Football uniting communities
by Raquel GOMEZ for Shared Future News
14 June 2018
“Sport has the power to change the world. It has the power to inspire. It has the power to unite people in a way that little else does. It speaks to youth in a language they understand. Sport can create hope where once there was only despair. It is more powerful than government in breaking down racial barriers.” –Nelson Mandela
Football, the sport that arouses great passions all over the globe, can be a useful tool in empowering and developing communities, and in promoting peace, reconciliation, and cross-community work.
According to Alan Bairner (author of “After the War? Soccer, Masculinity, and Violence in Northern Ireland”), football in Northern Ireland reflects the political divisions that were established by partition. In this way, sport is a form of cultural identity.
Football can underline societal divisions, or be a conduit to overcome them. Organisations such as the Irish Football Association (IFA) have a wide range of projects with the objective of bringing an integrative and peaceful future to Northern Irish communities.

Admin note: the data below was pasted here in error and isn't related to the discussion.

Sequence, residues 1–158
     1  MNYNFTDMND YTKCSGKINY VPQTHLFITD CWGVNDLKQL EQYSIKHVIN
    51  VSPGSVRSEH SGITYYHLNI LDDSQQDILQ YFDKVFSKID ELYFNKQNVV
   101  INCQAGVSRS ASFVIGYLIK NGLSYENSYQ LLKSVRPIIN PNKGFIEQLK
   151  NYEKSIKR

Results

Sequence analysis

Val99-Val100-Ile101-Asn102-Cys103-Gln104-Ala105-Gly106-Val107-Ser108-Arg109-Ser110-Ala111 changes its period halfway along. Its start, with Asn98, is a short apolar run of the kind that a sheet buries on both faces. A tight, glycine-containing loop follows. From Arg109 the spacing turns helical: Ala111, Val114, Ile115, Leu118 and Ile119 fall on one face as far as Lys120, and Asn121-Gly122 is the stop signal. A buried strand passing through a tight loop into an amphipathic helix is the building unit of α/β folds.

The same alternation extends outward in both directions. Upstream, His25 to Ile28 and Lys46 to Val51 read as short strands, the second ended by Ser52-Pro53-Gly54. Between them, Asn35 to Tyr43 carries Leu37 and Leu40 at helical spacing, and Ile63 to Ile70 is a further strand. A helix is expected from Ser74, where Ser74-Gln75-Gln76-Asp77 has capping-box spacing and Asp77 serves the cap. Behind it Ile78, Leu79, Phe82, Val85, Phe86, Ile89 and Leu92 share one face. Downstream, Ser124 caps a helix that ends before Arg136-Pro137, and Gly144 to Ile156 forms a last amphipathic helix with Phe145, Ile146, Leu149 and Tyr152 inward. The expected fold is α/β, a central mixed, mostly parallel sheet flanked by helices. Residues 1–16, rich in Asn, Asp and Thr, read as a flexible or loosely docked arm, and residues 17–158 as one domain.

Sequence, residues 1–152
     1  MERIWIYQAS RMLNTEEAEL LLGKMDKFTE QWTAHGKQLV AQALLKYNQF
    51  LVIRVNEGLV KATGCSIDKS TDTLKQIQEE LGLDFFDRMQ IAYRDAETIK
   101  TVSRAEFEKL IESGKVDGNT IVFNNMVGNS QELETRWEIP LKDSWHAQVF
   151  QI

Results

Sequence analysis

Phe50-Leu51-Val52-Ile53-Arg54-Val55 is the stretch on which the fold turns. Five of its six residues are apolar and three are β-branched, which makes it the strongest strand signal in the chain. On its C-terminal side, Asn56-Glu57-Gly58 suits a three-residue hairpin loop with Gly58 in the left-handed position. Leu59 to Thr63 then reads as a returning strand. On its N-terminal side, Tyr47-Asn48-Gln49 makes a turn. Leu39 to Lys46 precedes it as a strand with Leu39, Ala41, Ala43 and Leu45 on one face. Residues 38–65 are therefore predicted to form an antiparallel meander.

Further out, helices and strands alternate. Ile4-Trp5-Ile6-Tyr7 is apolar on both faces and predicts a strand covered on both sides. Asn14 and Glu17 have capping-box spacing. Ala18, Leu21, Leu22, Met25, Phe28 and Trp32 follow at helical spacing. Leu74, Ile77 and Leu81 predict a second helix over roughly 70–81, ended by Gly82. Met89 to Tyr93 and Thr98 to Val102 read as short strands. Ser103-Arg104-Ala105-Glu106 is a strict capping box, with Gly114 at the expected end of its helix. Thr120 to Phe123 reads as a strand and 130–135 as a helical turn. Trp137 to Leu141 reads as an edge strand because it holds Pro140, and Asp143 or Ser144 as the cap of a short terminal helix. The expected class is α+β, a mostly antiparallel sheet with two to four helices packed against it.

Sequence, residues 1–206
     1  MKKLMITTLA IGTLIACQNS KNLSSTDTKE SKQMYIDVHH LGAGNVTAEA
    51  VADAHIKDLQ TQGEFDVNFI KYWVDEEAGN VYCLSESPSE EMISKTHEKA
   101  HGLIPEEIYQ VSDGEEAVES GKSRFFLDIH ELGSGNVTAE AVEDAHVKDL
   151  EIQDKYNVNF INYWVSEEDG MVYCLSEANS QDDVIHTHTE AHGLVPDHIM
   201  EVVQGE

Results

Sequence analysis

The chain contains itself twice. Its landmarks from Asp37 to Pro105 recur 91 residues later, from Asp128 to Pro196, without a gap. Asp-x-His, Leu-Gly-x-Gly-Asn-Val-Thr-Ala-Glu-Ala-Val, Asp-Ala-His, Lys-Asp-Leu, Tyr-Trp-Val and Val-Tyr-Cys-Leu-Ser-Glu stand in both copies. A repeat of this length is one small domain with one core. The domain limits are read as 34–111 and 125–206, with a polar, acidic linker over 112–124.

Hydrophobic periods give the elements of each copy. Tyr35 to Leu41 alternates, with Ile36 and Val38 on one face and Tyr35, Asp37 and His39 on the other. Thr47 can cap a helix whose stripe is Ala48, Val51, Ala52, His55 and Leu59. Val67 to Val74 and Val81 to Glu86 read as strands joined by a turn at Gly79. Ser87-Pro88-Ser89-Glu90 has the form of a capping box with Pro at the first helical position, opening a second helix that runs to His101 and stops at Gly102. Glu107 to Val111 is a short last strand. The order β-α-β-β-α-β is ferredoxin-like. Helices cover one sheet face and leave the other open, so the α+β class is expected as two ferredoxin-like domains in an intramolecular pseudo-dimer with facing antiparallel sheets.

Sport Uniting Communities is a project delivered by the IFA along with the Gaelic Athletic Association (GAA) and Ulster Rugby. The aim is to promote positive relations and celebrate culture and diversity, bringing people together. Through multisport events, workshops, and programs, Sport Uniting Communities crosses the divide to build new relationships. The activities are organised on education, training, empowerment and leadership, directed to volunteers, clubs, and young people across the counties of Ulster. This program is supported by the European Union’s PEACE IV Programme, and managed by the Special EU Programmes Body (SEUPB).
In addition, the IFA delivers Stadium Community Benefits Initiative (SCBI), along with Belfast City Council and the Department for Communities. This initiative focuses on bringing benefits to the community by maximising the potential of Windsor Park. SCBI aims to support and increase participation in football clubs, encourage wellbeing and healthy lifestyle choices, and improve community engagement through schools, clubs, and youth organisations.
Following the aim of integrating through sport, the IFA’s motto “Football for all” emphasises that football should be available for everyone, regardless of age, gender, sexual orientation or religion; football should be free of sectarianism or discrimination. In this vein, the football pitch becomes in a place where barriers come down, encouraging people to enjoy playing together.
Sport, and football particularly, can have a powerful impact in society. Using that power on our pitches and in our sporting arenas could bring a future where players will win the higher match through integration, respect, and shared values.